Popular country singer Lee Greenwood has said that he found it offensive as a Christian that a New York City elementary school principal decided to pull his song, "God Bless the USA," from her students' graduation ceremony.
"I wrote 'God Bless the USA' about the love I have for this country and the struggle we have gone through to remain free," Greenwood said through a spokeswoman, the LA Times reported. "Our country was founded on the principle that it welcomes people of all cultures and gives them the same rights we have as citizens. However, I feel compelled to echo the faith of our forefathers, who all believed in God and a respect of a higher authority. Personally, denying the children of PS 90 to sing 'God Bless the USA' offends me as a Christian. My song is about hope, faith, spirit and pride. How could that be wrong on any level?"
The PS90 principal, Greta Hawkins, who is a Jehovah's Witness, said the patriotic lyrics to the song were "inappropriate for 5-year-olds" and that it might offend those of other cultures. The June 20 graduation is for PS90's kindergarten students.
"God Bless the USA" was written in 1984 but was widely used in the wake of the Sept. 11, 2001, terrorist attacks on New York City. Hawkins, whose school is located in the borough of Brooklyn, tried to substitute the song with the Justin Bieber hit "Baby." Those plans were reportedly scrapped as well.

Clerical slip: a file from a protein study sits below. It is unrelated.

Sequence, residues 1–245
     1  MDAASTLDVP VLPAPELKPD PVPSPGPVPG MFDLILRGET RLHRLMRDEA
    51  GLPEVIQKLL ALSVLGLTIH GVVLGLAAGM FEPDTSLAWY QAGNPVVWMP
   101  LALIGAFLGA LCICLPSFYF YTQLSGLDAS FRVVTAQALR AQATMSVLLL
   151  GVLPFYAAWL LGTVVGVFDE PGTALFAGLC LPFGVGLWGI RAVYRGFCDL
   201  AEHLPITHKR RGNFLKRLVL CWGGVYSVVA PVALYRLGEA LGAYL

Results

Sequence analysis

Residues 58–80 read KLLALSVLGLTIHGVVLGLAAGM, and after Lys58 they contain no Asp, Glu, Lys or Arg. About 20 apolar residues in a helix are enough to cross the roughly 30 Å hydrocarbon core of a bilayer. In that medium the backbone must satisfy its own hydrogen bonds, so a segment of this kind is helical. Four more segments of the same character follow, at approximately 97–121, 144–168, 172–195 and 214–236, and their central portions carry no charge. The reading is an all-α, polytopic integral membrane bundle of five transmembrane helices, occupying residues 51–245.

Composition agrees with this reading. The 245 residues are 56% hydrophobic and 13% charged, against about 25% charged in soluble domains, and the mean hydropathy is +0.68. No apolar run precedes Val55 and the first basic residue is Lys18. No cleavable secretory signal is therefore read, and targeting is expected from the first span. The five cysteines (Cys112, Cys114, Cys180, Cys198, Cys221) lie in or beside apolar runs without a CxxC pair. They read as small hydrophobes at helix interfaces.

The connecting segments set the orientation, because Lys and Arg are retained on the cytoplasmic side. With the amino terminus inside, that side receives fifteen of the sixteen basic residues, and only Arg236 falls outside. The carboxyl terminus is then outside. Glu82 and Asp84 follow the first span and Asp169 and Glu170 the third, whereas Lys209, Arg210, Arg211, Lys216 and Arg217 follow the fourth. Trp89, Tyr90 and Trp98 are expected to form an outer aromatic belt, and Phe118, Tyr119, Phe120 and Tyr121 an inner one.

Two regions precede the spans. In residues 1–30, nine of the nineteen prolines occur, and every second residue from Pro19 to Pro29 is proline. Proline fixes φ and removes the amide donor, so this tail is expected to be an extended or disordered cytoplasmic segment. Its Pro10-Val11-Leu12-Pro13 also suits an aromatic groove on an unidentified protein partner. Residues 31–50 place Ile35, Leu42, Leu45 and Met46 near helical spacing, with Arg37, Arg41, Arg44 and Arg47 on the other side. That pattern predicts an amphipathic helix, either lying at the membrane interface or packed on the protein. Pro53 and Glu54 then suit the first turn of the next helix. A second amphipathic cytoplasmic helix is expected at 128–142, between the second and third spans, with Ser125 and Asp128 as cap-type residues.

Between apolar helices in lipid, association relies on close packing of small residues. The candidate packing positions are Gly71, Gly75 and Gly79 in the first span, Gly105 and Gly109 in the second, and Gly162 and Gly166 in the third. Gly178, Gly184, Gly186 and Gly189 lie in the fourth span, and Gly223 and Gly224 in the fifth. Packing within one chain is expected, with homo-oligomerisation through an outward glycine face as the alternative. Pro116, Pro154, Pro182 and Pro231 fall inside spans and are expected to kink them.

Previously, Principal Hawkins has also tried to end the tradition of reciting the Pledge of Allegiance and singing "America the Beautiful" each morning, but her attempts were protested by the school's teachers.
City Schools Chancellor Dennis Walcott has backed Hawkins' decision, saying, "I have to rely on the principal's judgment. It's her judgment to make that decision."
The country singer, however, has been vocal about the school's decision, and on Monday's Fox 5 "Good Day New York" program, Greenwood said the principal is "confusing allegiance to worship." He expressed however, that he would let the issue settle and won't try to speak to Hawkins directly about it.
"I don't think there's any reason to do that," he said. "I'm sorry for the way she feels and …. I think there's some issues there that is beyond what we're talking about."
Parents of PS90 school children who shared their views with the media have also questioned why the song wasn't allowed.
"A lot of people fought to move to America to live freely, so that song should be sung with a whole lot of pride," said parent Luz Lozada.